SEATTLE -- Investors in electric car company and Wall Street darling Tesla were burned today to the tune of a 6.2% share price drop after a YouTube video showed a Model S sedan blazing after an accident near Seattle.
Shares in Tesla Motors shed $12.05 to close at $180.95 for the stock's biggest one-day decline since July 16. In after-hours trading, the shares fell another 1.3% to $178.55.
The video posted on YouTube shows the front of the Tesla Model S in flames. It was first posted on car fan site Jalopnik which wrote that it came from a reader. Tesla shares have risen more than 400% since the start of the year so the damage to the stock, unlike to the car in the video, was minor.
The incident happened Tuesday after 8 a.m. as the driver was traveling southbound on state Route 167, said Trooper Chris Webb of the Washington State Patrol. He said the driver stated that he believed he had struck some debris on the highway, triggering the fire, but a trooper who responded to the scene was unable to locate any objects on the roadway.
There were no injuries, and the vehicle was towed away, Webb said.
In a statement issued Wednesday, Tesla said the fire was caused by "substantial damage" to the car when the driver hit a large metal object in the road. The flames, the company said, were contained to the front of the $70,000 vehicle due to its design and construction.
"All indications are that the fire never entered the interior cabin of the car. It was extinguished on-site by the Fire Department," the statement said.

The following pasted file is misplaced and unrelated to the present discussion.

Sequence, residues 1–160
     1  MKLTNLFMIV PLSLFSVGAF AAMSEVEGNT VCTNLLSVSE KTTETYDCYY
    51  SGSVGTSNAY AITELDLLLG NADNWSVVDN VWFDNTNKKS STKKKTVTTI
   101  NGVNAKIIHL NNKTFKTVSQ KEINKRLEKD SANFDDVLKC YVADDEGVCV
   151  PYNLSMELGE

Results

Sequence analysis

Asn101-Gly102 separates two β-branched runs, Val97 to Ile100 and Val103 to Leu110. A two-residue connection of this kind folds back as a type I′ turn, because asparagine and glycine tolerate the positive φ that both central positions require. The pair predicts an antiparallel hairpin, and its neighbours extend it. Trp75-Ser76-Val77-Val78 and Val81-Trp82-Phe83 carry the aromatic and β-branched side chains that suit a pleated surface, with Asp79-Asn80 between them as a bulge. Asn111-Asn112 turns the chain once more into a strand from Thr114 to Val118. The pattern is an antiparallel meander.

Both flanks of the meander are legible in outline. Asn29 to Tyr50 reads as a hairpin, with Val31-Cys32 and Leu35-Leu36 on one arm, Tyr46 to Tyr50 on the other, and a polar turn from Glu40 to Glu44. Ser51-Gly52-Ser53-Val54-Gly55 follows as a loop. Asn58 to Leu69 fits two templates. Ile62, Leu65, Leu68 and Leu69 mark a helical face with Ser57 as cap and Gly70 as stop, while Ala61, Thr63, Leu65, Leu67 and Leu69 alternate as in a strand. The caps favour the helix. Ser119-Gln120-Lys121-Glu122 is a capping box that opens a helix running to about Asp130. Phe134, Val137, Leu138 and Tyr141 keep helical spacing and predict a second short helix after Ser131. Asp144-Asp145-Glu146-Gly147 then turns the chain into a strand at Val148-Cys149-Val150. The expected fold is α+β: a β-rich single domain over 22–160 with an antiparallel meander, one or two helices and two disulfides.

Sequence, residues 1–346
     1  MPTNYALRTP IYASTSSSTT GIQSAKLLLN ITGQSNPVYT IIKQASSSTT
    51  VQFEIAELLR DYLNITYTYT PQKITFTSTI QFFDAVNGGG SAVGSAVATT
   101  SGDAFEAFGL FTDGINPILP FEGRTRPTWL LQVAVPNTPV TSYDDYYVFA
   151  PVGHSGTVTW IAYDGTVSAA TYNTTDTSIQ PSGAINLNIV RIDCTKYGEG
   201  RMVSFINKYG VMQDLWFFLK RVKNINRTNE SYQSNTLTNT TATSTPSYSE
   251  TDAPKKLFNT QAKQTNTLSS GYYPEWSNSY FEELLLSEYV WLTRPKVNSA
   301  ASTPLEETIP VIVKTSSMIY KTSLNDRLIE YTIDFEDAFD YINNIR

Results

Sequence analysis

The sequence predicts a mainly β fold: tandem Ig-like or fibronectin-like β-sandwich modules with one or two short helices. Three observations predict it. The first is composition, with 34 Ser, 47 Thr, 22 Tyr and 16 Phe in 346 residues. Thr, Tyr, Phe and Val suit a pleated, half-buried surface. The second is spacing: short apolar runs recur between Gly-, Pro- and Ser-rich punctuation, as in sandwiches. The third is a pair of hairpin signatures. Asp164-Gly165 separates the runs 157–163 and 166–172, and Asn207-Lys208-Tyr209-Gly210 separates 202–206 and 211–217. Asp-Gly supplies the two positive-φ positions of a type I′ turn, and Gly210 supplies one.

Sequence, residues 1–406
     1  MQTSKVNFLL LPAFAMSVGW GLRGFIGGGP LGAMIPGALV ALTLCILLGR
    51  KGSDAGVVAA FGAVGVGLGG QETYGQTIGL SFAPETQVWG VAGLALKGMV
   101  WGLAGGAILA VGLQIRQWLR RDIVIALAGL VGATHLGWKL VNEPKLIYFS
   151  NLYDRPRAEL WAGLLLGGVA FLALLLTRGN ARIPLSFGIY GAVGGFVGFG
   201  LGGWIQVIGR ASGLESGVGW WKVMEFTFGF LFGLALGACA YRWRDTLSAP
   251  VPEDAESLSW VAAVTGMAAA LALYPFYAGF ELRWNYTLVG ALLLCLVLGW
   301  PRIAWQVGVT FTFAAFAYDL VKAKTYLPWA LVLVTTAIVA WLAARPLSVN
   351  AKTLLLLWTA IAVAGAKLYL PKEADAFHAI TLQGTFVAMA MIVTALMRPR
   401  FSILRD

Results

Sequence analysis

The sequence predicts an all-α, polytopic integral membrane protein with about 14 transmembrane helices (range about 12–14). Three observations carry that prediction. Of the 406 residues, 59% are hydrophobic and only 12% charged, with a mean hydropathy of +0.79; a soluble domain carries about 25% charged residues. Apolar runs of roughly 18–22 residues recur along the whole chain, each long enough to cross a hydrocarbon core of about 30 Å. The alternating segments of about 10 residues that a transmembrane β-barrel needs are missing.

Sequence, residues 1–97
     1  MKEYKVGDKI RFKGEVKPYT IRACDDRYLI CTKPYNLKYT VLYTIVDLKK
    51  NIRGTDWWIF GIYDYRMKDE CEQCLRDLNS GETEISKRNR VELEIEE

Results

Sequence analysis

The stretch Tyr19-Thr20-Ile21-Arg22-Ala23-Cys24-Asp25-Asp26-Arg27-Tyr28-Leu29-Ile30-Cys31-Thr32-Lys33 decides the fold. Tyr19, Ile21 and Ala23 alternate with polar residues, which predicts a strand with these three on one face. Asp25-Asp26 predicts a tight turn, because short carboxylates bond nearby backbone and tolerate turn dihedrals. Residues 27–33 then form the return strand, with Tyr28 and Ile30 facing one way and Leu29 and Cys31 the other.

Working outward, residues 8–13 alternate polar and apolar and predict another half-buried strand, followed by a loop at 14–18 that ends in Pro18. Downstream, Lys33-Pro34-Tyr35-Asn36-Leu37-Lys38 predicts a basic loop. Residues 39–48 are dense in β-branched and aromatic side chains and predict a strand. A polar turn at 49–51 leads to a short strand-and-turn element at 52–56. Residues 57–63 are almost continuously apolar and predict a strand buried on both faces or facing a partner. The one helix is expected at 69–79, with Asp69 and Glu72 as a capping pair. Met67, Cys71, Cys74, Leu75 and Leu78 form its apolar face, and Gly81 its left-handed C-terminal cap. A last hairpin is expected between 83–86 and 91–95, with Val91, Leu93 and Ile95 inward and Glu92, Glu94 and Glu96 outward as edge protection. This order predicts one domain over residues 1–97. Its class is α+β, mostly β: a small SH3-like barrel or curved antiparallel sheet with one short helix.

Adding fuel to the stock drop today was a rare downgrade on the stock by an analyst who wrote that that there's limited short-term upside for the company.
R.W. Baird analyst Ben Kallo downgraded the stock from "Outperform" to "Neutral," telling investors that while he's still bullish on Tesla's long-term prospects, the company has "significant milestones" during the next 18 months that come with risk.
He wrote that those milestones include the need to increase production of the Model S and to roll out the promised Model X SUV.
"We believe solid execution on both of these fronts is already priced into the stock, and any hiccups in execution present stock price risk in the near to immediate term," Kallo wrote.
Also, he has found that investor sentiment toward the company has shifted to neutral or slightly negative as investors believe the stock is now valued fairly. The change in investor opinion, he wrote, shows itself in a rise in the number of investors who are short-selling Tesla's stock. That's risen from 15.7% of the outstanding shares on May 31 to 17.8% as of Aug. 30.
Kallo set a set a $187 one-year price target, and also told investors that completion of the company's nationwide fast-charger network, successful international expansion, and its battery technology could be opportunities for further growth. But Kallo said he believes many of the factors also are already reflected in the stock price.
A Tesla spokeswoman told the Associated Press that the company doesn't comment on analyst research.